By: Will Johnson
There have been so many hurricanes in recent times that you tend to forget the names of some of them. Not hurricane Luis. September 5th 1995. For St. Martin especially this was a very severe hurricane. Not the least of the misery for St. Martin was the fact that it was followed a few days later by hurricane Marilyn to the South.
Luis ravaged St. Martin and besides the financial damage caused it also had political consequences for the island’s future political status. St. Martin had been accustomed to a large measure of autonomy. After the hurricane Holland came to the islands assistance in a massive way. Holland also made it possible for the island authorities to deal directly with them to get projects speedily approved. Under the circumstance there was no other way out. All the islands had experienced how slow things moved when they had to deal with the Central bureaucracy on Curacao. There was no time for the island authorities to deal with this bureaucracy. They had to get the island back up and running in a hurry or else their tourism product, the main industry, would be crippled.
After the worst was over then Prime Minister Miguel Pourier was advised that St. Martin should deal with the bureaucracy on Curacao. Bad advice to say the least and the foundation was laid for further dissent between the island authorities on St. Martin and the Federal authorities on Curacao.
Saba was pounded in 1998 by hurricane George and then hurricane Lenny came around a year later and spent over thirty hours close to Saba and brought further destruction. Then there were a number of smaller hurricanes in between. Hurricane Hugo in 1989 started the new trend towards many hurricanes. Saba had been touched by hurricane Donna in 1960 but the main structure of that hurricane had been to the North over St. Martin and Anguilla. I was on St. Martin the day before hurricane Donna and came over to Saba with the M.V.”Antilia”. The weather was so calm no one would have thought that a powerful hurricane was on the way. Many years later with hurricane Luis the same thing happened. We took a boat to Saba leaving our son Chris behind who was on his way to go to school, but a few days later he showed back up on Saba as a refugee after having gone through the worst of the hurricane at Pointe Blanche. School would have to wait for a while.
Before that Saba had a hurricane in 1932 and one in 1928. For some strange reason the one in 1932 was called by the locals a cyclone as if that word had been invented on Saba. There were also two deaths in that hurricane and some strange things happened where a house in the village of St. John’s had been lifted up and deposited in The Bottom. In Windwardside on the “Brest Place” in the hurricane of 1890 a man who had built his new house claimed that no hurricane would be able to damage that house of his. That same night a hurricane came and he and his hurricane proof house were lifted up and never seen again. Speculation was that the house with him in it had been deposited at sea on the Saba Bank.
The Great Hurricane of 1772 had devastated the West Indies with thousands of victims. On Saba most of the houses were destroyed including that of one of my great-great-great-great grandfathers Jacob Vlaun. As a result he was forced to live in a cave in the cliff below Hell’s Gate just below the home of Robert Hassell. To this day the cave is known as Vlaun’s cave. I regularly use this information to infuriate people who come to Saba as new settlers and who think that they can drive us off our own island which has been part of our family history for over four hundred years. So this example is just a reminder to those new settlers who are an annoyance to us that we have been here for a long time and our children and their descendants will also point to Vlaun’s cave as a source of last retreat for us when things go bad. In that same hurricane stories handed down to us by our ancestors were that the church doors from the Dutch Reformed church on St. Eustatius had been found around where my house is built on Saba eighteen miles away.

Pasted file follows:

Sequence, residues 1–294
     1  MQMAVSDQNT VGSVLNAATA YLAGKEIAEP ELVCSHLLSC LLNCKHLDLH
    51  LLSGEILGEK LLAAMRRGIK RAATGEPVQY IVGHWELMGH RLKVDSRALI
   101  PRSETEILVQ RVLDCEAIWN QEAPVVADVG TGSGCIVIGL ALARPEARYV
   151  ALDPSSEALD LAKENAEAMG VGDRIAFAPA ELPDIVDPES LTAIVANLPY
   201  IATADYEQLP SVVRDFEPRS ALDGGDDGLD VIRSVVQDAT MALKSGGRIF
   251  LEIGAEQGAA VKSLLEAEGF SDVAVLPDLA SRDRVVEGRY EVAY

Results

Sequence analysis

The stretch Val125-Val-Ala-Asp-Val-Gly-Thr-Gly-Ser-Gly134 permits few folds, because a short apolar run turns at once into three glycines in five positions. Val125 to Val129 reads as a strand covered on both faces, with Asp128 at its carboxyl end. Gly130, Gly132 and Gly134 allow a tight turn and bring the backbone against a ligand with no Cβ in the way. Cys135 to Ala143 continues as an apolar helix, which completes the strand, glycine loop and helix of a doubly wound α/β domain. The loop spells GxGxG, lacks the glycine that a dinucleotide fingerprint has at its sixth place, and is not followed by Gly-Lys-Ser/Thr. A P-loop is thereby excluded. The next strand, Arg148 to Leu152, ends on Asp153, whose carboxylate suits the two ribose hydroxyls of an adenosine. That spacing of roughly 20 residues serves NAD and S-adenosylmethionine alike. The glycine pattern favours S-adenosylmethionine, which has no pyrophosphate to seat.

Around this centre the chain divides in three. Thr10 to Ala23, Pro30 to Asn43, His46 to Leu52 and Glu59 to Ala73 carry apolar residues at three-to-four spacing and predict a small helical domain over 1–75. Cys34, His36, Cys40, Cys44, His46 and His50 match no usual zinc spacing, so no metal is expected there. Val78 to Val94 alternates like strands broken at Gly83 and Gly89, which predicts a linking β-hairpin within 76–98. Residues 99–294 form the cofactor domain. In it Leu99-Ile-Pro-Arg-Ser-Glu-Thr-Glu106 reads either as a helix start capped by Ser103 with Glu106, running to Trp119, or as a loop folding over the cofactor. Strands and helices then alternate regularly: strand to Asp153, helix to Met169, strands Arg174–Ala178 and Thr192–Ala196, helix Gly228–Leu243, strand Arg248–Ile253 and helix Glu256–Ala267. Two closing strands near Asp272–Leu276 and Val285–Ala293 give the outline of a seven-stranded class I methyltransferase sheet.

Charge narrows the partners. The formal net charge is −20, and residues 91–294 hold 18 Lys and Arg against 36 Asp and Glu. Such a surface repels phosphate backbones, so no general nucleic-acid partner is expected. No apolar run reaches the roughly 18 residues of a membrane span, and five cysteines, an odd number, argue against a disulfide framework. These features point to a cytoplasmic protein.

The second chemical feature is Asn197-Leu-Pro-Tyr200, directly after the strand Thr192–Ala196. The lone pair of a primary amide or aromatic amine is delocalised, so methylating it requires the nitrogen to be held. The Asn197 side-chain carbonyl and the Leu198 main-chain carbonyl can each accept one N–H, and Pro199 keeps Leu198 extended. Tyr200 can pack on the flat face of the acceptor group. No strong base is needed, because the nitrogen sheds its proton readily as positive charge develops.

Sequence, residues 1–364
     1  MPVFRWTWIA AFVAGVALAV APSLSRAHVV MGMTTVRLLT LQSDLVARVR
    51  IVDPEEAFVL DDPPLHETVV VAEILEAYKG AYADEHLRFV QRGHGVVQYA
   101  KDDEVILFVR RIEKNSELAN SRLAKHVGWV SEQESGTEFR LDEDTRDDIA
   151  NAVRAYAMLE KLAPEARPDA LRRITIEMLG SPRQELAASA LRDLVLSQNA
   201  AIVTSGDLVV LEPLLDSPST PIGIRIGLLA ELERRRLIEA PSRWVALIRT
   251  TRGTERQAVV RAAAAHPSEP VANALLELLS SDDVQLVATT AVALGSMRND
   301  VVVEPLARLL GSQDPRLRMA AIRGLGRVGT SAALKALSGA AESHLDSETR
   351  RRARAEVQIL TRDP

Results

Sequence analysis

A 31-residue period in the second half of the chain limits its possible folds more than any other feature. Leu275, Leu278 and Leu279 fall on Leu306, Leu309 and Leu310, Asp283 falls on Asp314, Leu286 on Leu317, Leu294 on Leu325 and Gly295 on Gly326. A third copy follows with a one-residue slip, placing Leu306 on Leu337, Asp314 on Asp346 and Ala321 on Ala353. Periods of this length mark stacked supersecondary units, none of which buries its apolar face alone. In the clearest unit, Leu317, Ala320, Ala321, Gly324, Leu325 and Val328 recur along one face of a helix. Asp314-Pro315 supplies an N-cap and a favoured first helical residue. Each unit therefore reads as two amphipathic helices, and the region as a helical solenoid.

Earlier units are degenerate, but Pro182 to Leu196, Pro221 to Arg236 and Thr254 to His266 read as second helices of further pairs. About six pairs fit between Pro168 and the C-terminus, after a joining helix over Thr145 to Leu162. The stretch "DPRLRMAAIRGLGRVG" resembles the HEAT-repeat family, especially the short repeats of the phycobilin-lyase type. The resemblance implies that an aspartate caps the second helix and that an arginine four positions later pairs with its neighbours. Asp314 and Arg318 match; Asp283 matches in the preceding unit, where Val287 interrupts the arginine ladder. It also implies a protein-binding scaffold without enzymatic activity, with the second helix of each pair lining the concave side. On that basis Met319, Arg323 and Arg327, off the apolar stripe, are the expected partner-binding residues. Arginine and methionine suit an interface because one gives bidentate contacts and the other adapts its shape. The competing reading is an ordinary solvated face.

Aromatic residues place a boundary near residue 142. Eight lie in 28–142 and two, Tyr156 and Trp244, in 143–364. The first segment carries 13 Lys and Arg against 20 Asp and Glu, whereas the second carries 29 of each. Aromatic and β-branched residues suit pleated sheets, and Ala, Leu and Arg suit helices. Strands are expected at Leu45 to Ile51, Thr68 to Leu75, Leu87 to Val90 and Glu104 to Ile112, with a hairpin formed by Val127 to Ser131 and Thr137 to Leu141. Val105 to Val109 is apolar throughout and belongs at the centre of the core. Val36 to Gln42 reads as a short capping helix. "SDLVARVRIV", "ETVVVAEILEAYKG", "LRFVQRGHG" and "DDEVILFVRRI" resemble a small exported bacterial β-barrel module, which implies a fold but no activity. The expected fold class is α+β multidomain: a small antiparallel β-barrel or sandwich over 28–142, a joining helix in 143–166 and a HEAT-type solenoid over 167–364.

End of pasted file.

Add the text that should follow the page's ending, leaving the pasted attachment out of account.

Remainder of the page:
Hurricane Luis and the others mentioned in the last years have been well documented in advance so that people were aware of the dangers which were on the way. Not that some people paid attention mind you. I remember when hurricane David was approaching the islands that the local radio station on one of the islands to the South most affected was playing music as if they were in the middle of a carnival. Nowadays with all the weather sites on the Internet and on television there should be no excuse for not being prepared. Sometimes we prepare too much and like Danny the system passes us by without even a drop of rain so sorely needed. Few people who are not living in the hurricane zone are aware of the amount of work which is involved in getting prepared for a hurricane and then after it has passed even if there is no damage. Putting up and taking down shutters and clearing up around your property is hard work and the tension of what is to come does not make it any easier for people.
Back in the nineteen fifties in a funeral sermon Father A.L. Cromie of the Anglican Church told his congregation that not everything could be blamed on the works of God. He said you are living on a volcano which can erupt and in the in the worst of the hurricane zone where you can get a hurricane at any time. His advice was seeing that those examples were a danger in themselves, not to add to that danger by reckless driving on these mountainous roads, consuming too much alcohol and taking all kinds of other risks which can shorten your existence here on earth. If he came back now he would surely see a great need to add on to that list of dangers of living on a volcano in the middle of the hurricane belt.